Veterans who are incarcerated have unique needs for services, which often include behavioral health treatment. In response, some correctional facilities have developed programming tailored for veterans in their facilities and have curated partnerships with justice programs in the U.S. Department of Veterans Affairs' Veterans Health Administration to better serve them.
This webinar will focus on the needs of children who have a parent who is incarcerated. The presenters will concentrate on how schools and school personnel can support the child, his/her caregiver, and parent in a positive manner.
U.S. jails are experiencing a crisis in managing and treating inmates with mental illness. This seminar will discuss the legal requirements regarding the "Duty to Protect," as well as the key protocols every jail should have in place, to include screening tools, heightened watch protocols, housing, and programming considerations.
Sponsored by the National Criminal Justice Association (NCJA) and the International Community Corrections Association (ICCA), the 2019 Forum on Criminal Justice will showcase programs, research, and policies that will help justice practitioners, researchers, and decisionmakers address pressing public safety issues.
The Social Security Administration disability benefit programs – Supplemental Security Income (SSI) and Social Security Disability Insurance (SSDI) – can provide income and health insurance benefits to support healthy return to communities for previously incarcerated individuals who are experiencing or at risk of homelessness and have a serious mental illness, medical impairment, and/or a co-occurring substance use disorder. SSI/SSDI Outreach, Access, and Recovery (SOAR) is a model that can help.
The use of force is one of the leading areas of litigation in corrections. Understanding and articulating the legal requirements is critical in determining whether the force was objectively reasonable (pretrial inmates) or was applied in a good faith effort to maintain and restore order (convicted inmates). This webinar will review the leading Supreme Court decisions in the area of use of force, focusing on the report writing instrument used by both the deputy involved in the force and also as a tool in reviewing the use of force regardless of the inmate’s status.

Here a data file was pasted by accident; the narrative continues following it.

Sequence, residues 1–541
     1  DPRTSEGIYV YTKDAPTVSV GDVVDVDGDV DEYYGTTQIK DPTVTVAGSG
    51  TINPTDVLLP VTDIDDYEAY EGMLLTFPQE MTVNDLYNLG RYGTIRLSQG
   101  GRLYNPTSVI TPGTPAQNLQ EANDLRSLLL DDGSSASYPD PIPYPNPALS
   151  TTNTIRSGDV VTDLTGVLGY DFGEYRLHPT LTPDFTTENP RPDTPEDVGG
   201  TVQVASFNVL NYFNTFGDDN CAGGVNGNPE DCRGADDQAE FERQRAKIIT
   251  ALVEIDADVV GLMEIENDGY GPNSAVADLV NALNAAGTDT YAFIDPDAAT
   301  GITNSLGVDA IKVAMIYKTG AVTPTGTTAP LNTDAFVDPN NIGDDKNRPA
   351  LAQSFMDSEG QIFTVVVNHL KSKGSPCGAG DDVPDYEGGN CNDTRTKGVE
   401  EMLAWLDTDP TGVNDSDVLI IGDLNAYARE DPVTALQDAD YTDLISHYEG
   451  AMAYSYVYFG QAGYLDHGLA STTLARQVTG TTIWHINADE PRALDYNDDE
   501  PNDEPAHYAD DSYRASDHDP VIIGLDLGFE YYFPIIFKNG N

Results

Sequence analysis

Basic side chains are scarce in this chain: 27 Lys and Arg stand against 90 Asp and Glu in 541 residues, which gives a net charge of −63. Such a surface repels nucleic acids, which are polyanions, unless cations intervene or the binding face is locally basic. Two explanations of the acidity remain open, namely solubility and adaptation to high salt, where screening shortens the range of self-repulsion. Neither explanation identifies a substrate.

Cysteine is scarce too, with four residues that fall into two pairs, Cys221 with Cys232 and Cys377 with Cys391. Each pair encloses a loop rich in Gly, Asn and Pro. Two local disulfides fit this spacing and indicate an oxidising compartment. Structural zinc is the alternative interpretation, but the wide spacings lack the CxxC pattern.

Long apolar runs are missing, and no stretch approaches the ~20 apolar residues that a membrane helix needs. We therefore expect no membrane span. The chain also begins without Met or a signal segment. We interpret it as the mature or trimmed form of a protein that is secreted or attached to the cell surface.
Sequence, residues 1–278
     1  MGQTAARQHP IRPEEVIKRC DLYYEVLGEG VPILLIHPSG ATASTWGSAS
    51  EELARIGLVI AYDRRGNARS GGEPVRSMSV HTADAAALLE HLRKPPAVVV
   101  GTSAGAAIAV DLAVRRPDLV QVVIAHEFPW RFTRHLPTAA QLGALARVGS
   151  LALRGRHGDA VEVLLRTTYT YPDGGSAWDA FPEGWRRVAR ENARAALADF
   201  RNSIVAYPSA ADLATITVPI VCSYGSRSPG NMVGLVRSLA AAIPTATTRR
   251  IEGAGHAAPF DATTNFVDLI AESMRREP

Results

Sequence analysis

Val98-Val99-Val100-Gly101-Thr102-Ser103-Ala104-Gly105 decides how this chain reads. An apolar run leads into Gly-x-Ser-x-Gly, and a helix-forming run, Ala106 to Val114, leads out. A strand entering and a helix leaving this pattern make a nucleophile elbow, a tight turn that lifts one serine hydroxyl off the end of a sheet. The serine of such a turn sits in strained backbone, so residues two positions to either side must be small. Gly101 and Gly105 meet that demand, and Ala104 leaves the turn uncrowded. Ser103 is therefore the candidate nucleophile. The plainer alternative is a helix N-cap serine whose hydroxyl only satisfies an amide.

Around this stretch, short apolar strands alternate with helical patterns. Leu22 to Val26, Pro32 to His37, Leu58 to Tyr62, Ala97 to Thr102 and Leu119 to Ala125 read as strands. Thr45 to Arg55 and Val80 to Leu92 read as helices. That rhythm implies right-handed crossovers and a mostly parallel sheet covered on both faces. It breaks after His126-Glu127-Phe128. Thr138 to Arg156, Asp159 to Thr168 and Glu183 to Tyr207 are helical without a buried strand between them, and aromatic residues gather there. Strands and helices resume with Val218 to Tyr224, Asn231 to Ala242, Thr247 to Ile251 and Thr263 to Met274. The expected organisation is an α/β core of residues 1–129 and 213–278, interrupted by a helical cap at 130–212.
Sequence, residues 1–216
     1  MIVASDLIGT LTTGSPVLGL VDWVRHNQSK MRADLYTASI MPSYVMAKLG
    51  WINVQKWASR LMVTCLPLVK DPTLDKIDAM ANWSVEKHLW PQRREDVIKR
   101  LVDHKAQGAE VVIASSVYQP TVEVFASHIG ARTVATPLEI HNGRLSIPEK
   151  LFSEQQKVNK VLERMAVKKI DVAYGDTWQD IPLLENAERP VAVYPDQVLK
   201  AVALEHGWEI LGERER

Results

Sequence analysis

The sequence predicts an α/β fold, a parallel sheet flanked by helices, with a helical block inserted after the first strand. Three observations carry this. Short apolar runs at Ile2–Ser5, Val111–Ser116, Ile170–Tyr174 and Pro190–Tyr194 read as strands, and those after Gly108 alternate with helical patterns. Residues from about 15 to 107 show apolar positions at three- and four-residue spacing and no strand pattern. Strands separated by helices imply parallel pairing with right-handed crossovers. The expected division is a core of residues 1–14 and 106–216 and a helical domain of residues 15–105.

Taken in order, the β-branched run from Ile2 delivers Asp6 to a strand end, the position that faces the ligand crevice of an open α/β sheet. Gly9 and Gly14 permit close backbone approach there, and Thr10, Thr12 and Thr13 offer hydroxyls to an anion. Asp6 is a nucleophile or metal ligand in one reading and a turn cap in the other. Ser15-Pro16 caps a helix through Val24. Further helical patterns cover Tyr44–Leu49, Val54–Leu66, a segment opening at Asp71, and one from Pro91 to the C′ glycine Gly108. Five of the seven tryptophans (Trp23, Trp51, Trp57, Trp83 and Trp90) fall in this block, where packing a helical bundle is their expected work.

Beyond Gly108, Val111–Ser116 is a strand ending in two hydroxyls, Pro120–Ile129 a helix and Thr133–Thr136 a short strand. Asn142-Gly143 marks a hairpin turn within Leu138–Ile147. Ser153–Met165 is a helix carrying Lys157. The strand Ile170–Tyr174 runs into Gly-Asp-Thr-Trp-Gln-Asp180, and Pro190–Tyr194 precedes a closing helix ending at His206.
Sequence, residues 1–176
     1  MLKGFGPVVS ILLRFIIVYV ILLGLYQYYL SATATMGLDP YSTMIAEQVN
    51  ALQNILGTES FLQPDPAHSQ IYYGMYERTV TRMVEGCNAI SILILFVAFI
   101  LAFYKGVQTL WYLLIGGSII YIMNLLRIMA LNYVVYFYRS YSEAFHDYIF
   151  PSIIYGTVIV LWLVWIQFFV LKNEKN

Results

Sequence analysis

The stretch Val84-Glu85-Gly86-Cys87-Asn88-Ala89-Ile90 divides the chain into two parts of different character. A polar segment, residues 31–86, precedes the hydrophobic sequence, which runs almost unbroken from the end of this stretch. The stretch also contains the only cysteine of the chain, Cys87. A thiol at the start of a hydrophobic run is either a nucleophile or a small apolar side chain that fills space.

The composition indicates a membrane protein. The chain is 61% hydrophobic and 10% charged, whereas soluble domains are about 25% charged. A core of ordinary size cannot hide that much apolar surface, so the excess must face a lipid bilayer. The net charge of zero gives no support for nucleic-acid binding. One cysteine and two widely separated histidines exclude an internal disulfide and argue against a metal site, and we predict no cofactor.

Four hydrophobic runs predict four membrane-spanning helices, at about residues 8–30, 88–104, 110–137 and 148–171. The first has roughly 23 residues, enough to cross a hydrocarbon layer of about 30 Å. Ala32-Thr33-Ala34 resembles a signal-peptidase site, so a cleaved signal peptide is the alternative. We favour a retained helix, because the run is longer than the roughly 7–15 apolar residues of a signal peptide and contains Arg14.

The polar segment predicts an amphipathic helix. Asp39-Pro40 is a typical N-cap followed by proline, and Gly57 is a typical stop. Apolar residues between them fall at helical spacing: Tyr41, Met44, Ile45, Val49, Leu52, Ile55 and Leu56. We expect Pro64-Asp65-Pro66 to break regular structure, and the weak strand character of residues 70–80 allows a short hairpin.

Individuals exiting prisons and jails have an increased likelihood of opioid overdose. Some corrections systems have chosen to address this risk through the use of reentry programs that incorporate medication-assisted treatment (MAT). While a range of Comprehensive Opioid Abuse Program site-based projects are tackling the opioid epidemic by focusing on the front end of the criminal justice system (for example, through the roles of first responders), several teams are focusing on improving jail- and prison-related strategies.
Although crime control policy and program development processes are increasingly being informed by scientific evidence, identifying and adopting what works is only part of what’s needed to realize positive outcomes. Evidence-based programs and practices (EBPs) still have to be implemented with fidelity and integrity in order to be successful. Unfortunately, implementation is not an easy task. Implementation science, however, can help practitioners tackle implementation challenges so the promise of EBPs can be more fully realized.
Attend a webinar hosted by the National Reentry Resource Center, with funding support from the U.S. Department of Justice’s Bureau of Justice Assistance.
Counties are uniquely positioned to lead efforts to advance safety and justice, as they run 91 percent of all jails with nearly 11 million people admitted every year. Join the National Association of Counties for a three-part webinar series that will focus on key areas of local criminal justice systems that most affect counties and offer strategies counties can employ to address these issues, make their justice systems work more effectively and efficiently, and ultimately lead to safer and healthier communities.